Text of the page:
Lately at work I’ve been knee-deep in SOA; Service-Oriented Architecture, a concept that for me has roots in web services but extends beyond that in that it has made my holistic thinking possible.
There is more to application design than to solve the problem at hand, far beyond the scope of any requirements document; it’s more about supporting the infrastructure than whatever else you think you’re doing. Maybe this requires some explanation;
Business Analysist create requirement documents to solve some business problem. However, unless that business analyst is especially sharp and holistic, there are so many undercurrants, twists and turns to the final solution that more often than not we shouldn’t even attempt to solve problems. A lot of places employ Solution / systems / information Architects to try to rectify this problem, but often it simply ain’t enough; detachement from technical solutions seems to be a huge problem for understanding business problems.
A lot of us are technically inclined people; we try to take the business requirements and make technical solutions of them. Anyone with a speck of experience in these areas know how dreadfully wrong it can go, and we say “oh, you need to employ the right people to make it work.” Most of the time, that’s true; with really super people these things will work much better. How often do we have the luxury of only working with top-dogs? I’ll leave that an open question, of course.
Enter the SOA; think of your business requirements as services, tiny and disjointed or large and intertwined, and open up Interfaces to them, and what happens? Well, notice that bold word; interface. Not application. Not program. Not even requirement. It’s a service, a service that programs, applications and requirements can use to solve their problems.
We all know web services by now; most of the time it means either a SOAP or REST call where XML is the carrier of various bits of information. Because of the openness of these technologies we can quickly cook up various other applications and programs from a smørgåsbord (yeah, look it up) of services that might address your issues or wants. They are completely disjointed from the applications that use them, meaning a clear separation of business logic, application frameworks and user-interfaces. If played correctly, it can have an amazing synergetic effect on everything you do.
If you’re a geek like me, the prospect of this is great, but over the next little while I’d like to talk about all those things it affects in better business management, usability, information architecture, user-interface design, application design, application scalability and performance enhancements, and more.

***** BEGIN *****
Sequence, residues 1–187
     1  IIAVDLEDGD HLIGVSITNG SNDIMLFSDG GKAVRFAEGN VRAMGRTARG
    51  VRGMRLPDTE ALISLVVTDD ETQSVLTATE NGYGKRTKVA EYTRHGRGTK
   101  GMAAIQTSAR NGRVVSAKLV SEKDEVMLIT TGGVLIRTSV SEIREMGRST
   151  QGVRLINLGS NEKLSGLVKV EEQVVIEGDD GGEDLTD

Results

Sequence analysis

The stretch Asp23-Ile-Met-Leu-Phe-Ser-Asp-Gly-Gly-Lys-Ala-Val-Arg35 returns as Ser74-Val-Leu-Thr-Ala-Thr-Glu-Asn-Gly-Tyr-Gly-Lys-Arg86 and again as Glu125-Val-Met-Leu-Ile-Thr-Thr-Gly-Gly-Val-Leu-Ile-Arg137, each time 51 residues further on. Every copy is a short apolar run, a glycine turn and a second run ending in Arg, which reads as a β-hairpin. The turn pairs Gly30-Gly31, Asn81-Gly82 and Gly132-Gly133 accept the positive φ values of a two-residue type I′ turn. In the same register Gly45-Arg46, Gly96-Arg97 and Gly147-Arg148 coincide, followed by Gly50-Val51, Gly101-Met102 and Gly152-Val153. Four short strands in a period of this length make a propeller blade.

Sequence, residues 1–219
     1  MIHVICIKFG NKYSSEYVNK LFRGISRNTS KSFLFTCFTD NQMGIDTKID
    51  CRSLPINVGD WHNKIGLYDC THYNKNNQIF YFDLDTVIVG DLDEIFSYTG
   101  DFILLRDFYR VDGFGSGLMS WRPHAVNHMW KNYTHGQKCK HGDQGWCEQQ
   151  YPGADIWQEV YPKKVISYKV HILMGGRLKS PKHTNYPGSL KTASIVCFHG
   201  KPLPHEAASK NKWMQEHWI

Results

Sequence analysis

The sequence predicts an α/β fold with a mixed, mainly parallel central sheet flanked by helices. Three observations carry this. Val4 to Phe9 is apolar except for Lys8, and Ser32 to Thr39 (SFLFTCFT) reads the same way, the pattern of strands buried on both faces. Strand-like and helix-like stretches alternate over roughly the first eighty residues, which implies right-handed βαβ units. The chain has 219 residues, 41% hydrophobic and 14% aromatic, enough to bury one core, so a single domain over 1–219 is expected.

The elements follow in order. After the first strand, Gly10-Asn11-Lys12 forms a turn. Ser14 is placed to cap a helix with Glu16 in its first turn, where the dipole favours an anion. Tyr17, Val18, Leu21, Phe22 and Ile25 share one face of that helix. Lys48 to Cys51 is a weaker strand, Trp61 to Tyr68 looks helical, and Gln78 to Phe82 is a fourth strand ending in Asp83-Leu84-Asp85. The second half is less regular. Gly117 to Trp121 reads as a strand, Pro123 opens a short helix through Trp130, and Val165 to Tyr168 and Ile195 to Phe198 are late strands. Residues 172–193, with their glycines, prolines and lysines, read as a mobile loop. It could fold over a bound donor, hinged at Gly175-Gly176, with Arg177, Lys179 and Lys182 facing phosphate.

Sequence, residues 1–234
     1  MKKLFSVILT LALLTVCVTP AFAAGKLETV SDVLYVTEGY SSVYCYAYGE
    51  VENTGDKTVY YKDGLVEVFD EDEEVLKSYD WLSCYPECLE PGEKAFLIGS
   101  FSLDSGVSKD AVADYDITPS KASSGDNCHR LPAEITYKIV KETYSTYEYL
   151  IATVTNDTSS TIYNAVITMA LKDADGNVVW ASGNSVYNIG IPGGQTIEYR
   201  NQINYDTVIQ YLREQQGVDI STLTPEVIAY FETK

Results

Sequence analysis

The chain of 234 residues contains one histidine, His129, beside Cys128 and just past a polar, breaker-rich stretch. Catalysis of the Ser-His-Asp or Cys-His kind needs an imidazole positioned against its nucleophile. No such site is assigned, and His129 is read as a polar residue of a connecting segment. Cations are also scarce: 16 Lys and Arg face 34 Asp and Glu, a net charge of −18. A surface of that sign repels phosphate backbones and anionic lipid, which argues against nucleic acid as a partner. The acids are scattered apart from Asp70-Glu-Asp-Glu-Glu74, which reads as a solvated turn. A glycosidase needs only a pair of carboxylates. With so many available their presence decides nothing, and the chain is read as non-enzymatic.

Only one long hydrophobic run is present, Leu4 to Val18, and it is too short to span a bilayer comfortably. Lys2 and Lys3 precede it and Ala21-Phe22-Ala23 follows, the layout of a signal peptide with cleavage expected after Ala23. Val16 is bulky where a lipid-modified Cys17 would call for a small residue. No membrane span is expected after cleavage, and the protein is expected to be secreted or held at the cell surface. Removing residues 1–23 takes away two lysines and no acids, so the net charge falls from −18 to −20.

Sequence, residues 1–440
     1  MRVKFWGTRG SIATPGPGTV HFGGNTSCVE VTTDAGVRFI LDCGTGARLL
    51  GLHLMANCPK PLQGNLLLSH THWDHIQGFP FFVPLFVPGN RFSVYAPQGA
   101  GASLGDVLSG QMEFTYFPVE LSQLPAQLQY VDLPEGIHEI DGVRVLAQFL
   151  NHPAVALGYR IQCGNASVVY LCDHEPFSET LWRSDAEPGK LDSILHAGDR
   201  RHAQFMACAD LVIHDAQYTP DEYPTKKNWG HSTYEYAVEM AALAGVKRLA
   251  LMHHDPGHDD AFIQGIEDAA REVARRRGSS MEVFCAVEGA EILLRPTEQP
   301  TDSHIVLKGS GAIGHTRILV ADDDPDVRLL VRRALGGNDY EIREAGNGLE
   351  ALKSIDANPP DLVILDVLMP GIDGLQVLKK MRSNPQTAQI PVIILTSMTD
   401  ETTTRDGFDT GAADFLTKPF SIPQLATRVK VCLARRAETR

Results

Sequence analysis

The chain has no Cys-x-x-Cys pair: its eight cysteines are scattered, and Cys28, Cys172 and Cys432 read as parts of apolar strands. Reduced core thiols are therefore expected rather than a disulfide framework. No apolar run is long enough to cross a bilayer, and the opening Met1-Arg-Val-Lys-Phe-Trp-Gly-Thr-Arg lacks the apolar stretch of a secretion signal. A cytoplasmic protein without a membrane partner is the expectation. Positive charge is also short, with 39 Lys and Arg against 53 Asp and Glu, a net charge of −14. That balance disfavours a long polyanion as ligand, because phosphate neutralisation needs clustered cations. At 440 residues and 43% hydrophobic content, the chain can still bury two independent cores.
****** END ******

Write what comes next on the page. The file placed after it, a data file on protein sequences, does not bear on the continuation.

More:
To sign off though, I’d like to talk a little about what I’ve done so far. First, I’ve created a hug from which all web services come, something like http://ws.example.com/ which works as either an application context for your servlets/scripts/etc that are plain web services, or it works as a proxy for external services. This hub has a wrapper so that it doesn’t matter if you want to use SOAP or REST or even partly RSS/Atom feeds of stuff.
Next, put some good services in there, like user-authentication, and you’re half-way there to the single-sign-on pipe-dream. I’ve implemented it with some thesaurus services, authentication, an OPAC service and a wrapper for Amazon.com.
I can now, through PHP, create a completely new application to a few services that were written in Java and Perl. I can pass bits of information in to our OPAC and do more complex searches. As a test, we recently create a Lucene database prototype of about 11.4 million MARC records. The user-interface looked terrible, but through the SOA hub we split the requests in two (at random, fire your web service request at two different servers for load balancing), took the first record from the service and fed it to another lookup-service, fed the subject headlines from this request to the thesaurus, did a third search in the Lucene prototype for the subjects that had thesaurus entries, and Voila! we could present a new application with a good user-interface, all in two days from start to finish. And we really didn’t break a sweat, either.
That’s what I want to talk about; what happens once you’ve got a basic SOA in place; synergy!